Punjab National Bank Deposit Schemes

Money woes cloud Pakistan infrastructure boom hopes.

Summary: Pakistanis are hoping their new prime minister will roll
out high-profile projects that became his party’s trademark in its
political heartland of Punjab, but the nation’s dire finances
threaten the optimism.

Pakistanis are hoping their new prime minister will roll out
high-profile projects that became his party’s trademark in its
political heartland of Punjab, but the nation’s dire finances
threaten the optimism.

The Pakistan Muslim League-N (PML-N) won huge popularity and a
reputation for getting things done with a series of big-ticket schemes
over the past five years in Punjab, the country’s richest, most
populous province.

A metro bus system in the
provincial capital

 Lahore — the first
such scheme in the country’s 65-year history — free laptops and
solar energy panels for students and a network of high-quality schools
in poor rural areas made Punjab the envy of Pakistan.

In the campaign for the May 11 general election, PML-N leader and
now Prime Minister
Nawaz Sharif

 and his younger brother, Punjab Chief
Minister Shahbaz Sharif, promised similar schemes for the whole country.

After five years of
listless

 government under the Pakistan
People’s Party (
PPP

), voters responded to the promise of action and
handed the party a majority.

In Lahore, the Metro Bus which opened in February has
revolutionised travel around the city, a traffic-clogged
mishmash
  
n.
A collection or mixture of unrelated things; a hodgepodge.


[Middle English misse-masche, probably reduplication of mash, soft mixture; see mash.
 of
colonial-era buildings, cheap housing and newer, more
upmarket
  
adj.
Appealing to or designed for high-income consumers; upscale:  
 suburbs.

The 27-station network of buses running on dedicated lanes and
elevated roadways, run by a Turkish company and carrying 120,000
passengers a day, was built at a cost of 30 billion rupees ($300
million).

Terminals offer a computerised fare system and commuters can use
smart cards to avoid the hassle of queueing — a welcome use of
technology in a bureaucratic land where paperwork, preferably in
triplicate, is still king.

Hira Farhat, a pharmacy student at the University of Punjab, was
delighted with the service.

“It’s comfortable and quicker than other
means of
transport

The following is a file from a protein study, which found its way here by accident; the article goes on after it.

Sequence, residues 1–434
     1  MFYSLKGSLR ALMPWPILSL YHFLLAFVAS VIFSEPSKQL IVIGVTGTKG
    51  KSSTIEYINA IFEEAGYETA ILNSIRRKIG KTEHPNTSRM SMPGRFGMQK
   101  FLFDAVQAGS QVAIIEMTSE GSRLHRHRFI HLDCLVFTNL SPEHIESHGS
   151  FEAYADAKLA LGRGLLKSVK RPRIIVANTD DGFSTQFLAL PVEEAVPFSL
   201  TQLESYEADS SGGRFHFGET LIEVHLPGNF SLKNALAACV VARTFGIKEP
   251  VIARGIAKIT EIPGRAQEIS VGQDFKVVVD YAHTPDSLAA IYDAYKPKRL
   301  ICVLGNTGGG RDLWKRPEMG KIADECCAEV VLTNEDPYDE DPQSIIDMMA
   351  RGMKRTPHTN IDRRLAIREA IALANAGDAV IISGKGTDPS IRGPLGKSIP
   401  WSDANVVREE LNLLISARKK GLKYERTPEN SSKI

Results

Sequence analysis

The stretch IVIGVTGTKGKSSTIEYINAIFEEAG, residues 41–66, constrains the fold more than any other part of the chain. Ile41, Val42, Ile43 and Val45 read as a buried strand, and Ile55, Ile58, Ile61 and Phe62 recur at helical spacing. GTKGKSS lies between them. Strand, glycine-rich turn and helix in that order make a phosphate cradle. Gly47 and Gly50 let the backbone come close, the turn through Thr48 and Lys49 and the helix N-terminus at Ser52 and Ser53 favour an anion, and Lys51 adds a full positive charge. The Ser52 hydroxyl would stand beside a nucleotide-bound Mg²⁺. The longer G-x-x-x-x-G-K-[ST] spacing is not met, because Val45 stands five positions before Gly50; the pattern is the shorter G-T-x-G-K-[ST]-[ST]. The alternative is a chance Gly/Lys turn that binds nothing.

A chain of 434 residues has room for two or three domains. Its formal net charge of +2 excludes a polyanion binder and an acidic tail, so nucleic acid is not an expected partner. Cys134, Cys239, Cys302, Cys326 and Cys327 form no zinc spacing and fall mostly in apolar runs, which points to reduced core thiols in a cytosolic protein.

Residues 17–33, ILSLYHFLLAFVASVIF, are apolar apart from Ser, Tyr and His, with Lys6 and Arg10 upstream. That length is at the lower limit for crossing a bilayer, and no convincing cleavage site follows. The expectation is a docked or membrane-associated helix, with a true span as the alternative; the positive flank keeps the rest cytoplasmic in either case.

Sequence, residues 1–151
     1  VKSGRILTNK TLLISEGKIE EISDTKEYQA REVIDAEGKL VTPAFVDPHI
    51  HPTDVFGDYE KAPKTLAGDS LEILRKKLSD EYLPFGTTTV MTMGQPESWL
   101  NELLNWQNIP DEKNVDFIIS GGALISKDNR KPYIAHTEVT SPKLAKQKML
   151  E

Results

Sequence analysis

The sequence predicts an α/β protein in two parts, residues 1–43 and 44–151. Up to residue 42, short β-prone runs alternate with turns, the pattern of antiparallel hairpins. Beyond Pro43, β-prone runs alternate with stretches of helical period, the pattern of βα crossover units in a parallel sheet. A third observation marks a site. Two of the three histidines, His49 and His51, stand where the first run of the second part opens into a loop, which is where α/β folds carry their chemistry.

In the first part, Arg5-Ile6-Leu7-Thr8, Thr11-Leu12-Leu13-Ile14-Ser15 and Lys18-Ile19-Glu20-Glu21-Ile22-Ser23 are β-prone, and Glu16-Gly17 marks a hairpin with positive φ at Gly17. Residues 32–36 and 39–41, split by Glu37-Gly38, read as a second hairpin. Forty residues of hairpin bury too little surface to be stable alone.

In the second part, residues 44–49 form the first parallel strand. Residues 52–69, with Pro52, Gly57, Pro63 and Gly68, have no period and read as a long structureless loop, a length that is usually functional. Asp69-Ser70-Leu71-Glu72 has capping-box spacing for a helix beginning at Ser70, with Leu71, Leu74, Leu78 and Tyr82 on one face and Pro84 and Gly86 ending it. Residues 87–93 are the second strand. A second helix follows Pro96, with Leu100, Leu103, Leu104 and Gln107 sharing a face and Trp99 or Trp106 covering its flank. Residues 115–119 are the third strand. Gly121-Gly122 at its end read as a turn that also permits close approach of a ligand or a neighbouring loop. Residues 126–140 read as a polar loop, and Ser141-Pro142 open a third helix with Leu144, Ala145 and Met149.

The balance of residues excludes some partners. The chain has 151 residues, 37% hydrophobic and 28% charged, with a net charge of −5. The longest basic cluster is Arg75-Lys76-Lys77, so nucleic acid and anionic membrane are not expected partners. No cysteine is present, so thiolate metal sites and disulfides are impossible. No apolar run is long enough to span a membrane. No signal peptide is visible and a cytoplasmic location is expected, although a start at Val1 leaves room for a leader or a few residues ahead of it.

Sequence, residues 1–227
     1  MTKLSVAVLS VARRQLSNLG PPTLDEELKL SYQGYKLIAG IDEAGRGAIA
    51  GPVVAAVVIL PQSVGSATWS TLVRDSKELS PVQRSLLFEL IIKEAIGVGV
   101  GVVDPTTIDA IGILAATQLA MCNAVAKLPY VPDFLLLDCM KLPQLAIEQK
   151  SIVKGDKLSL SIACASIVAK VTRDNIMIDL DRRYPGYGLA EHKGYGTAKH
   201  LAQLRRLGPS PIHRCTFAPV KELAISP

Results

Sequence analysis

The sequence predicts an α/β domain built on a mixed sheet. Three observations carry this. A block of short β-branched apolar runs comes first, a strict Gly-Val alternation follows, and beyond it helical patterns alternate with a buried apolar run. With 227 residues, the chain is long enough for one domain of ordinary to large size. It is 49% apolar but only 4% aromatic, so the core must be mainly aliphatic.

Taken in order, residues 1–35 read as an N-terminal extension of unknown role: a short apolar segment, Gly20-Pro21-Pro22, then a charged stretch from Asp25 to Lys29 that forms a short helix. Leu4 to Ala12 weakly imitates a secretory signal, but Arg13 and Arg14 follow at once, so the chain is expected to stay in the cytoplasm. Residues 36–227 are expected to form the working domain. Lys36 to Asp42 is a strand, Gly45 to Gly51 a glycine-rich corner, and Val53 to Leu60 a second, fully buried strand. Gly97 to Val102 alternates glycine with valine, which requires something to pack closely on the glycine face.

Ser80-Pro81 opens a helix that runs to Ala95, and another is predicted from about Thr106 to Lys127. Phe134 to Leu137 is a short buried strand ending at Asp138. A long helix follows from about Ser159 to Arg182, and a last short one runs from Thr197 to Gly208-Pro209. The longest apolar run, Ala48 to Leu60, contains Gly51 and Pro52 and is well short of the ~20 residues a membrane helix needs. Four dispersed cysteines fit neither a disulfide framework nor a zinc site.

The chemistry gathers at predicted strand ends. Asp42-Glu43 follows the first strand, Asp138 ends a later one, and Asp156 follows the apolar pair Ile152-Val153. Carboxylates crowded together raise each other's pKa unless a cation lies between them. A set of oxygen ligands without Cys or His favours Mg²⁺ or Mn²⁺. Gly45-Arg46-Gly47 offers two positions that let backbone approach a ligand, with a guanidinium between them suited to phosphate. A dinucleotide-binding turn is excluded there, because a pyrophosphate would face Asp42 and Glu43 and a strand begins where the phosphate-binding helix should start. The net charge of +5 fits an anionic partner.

. It has cooling system and takes me to my university in 15
minutes. The government must start it in other cities also,” she
said.

The PML-N has promised to take the metro bus to Karachi, the
largest city and economic heart of Pakistan, and the capital Islamabad.

Nawaz’s first speech in his third term as PM last week was
strong on talk of investment in infrastructure, particularly a road and
rail network to link northern neighbour China to the southwestern port
of Gwadar, recently taken over by Beijing.

“All development projects will be completed before the
completion of our five-years term so that people can get the
fruits,” said Sharif.

But populist projects do not come cheap and Pakistan is in a dire
financial predicament, with a fiscal deficit in 2012 of 8.5 percent of

GDP
 (guanosine diphosphate): see guanine.
 and growth in 2013 forecast at 3.5 percent — half what economists
say is needed to absorb the growing young population into the workforce.

More pressingly,
foreign exchange reserves

 are dwindling, to just
$6.6 billion in late May, or less than two months’ export cover,
down from $11.3 billion a year earlier.

The opposition in Punjab said the PML-N’s flagship projects
were marred by corruption and ran hugely overbudget, leaving other
cities and districts under-resourced.

“The Punjab government crossed the initial estimates for Metro
Bus and spent 70 billion rupees instead of 30 billion rupees,”
claimed Raja Riaz, former PPP opposition leader in Punjab.

“They cut the development funds of other cities for this one
project and also diverted the finances of much more important
departments like education and health.”

Islamabad is due to repay the International Monetary Fund more than
$4 billion by the end of 2014, putting further pressure on currency
reserves, and many observers expect Pakistan to have to ask for another
loan.

That would come with a host of tough conditions, including boosting
Pakistan’s wretched tax collection, which currently brings in less
than 10 percent of GDP.

Sharif has said he would welcome help from the likes of Turkey and
China as he seeks to boost the economy, but analysts are warning the
PML-N’s projects could create extra burdens.

“These are good projects but at the same time the government
should also be in the business of mobilising resources,” said
Ashfaq Hassan Khan, principal of the National University of Science and
Technology Business School.

“If resources are not mobilised and yet we go for financing
all these kinds of projects nationally, it will lead to a larger budget
deficit and accumulation of more debt.”

Economist Kaiser Bengali agreed, saying there was scope to improve
existing infrastructure at much lower cost than beginning new schemes.

“For example, we have already a network of circular railway in
Karachi and government can use it for better transportation of commuters
instead of working on a new project,” he said.

“But our rulers go for new fancy projects and they want to
spend money on new schemes.”

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